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Sen. Specter switches sides

by Brad A. Greenberg

April 28, 2009 | 1:22 pm

Sen. Arlen Specter, who was, amazingly, one of two Republican Jews in the Senate, has switched sides. Once Al Franken is sworn in—his victory is being challenged—the Democrats will have the 60-person super majority that will enable them to bypass filibusters. But Specter says in a statement that he won’t be a party-line guy:

My change in party affiliation does not mean that I will be a party-line voter any more for the Democrats that I have been for the Republicans. Unlike Senator Jeffords’ switch which changed party control, I will not be an automatic 60th vote for cloture. For example, my position on Employees Free Choice (Card Check) will not change.

Whatever my party affiliation, I will continue to be guided by President Kennedy’s statement that sometimes Party asks too much. When it does, I will continue my independent voting and follow my conscience on what I think is best for Pennsylvania and America.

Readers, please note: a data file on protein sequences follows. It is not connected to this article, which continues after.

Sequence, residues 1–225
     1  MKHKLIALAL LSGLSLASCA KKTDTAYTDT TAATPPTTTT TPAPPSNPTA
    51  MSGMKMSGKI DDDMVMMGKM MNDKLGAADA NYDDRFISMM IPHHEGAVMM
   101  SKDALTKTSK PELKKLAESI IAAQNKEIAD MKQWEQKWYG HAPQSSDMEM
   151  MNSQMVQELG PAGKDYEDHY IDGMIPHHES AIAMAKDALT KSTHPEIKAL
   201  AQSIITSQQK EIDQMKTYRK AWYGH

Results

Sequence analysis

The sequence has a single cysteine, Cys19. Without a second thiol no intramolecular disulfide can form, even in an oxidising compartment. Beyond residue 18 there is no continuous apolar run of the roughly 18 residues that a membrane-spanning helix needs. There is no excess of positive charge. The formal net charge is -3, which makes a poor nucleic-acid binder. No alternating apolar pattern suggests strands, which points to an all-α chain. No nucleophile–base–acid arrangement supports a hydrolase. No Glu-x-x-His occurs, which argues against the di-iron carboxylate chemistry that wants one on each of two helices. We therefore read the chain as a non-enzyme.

We’ll see. Social conservatives are already on the outside looking in. If Specter’s vote now regularly swings left, they could find it almost impossible to have a voice.

Surprisingly, what eight at-times tense years of the Bush administration couldn’t do to Specter’s relationship with the Republican Party, the stimulus package could:

Since then, I have traveled the State, talked to Republican leaders and office-holders and my supporters and I have carefully examined public opinion. It has become clear to me that the stimulus vote caused a schism which makes our differences irreconcilable. On this state of the record, I am unwilling to have my twenty-nine year Senate record judged by the Pennsylvania Republican primary electorate. I have not represented the Republican Party. I have represented the people of Pennsylvania.

I have decided to run for re-election in 2010 in the Democratic primary.

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